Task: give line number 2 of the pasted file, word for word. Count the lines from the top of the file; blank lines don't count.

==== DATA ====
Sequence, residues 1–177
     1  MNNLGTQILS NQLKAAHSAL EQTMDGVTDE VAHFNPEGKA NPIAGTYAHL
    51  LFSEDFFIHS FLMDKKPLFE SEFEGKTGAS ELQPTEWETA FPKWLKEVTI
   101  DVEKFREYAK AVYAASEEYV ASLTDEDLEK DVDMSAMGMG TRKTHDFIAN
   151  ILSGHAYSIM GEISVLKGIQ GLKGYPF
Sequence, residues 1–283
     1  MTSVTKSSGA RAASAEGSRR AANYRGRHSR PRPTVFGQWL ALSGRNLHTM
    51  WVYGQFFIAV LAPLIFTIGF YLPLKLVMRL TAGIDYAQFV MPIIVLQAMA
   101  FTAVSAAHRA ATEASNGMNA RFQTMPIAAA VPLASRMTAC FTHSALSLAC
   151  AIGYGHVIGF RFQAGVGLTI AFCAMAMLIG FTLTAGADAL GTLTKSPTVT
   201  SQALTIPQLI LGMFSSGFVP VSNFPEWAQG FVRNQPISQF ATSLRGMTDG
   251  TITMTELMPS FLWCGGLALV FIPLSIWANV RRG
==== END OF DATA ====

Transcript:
     1  MNNLGTQILS NQLKAAHSAL EQTMDGVTDE VAHFNPEGKA NPIAGTYAHL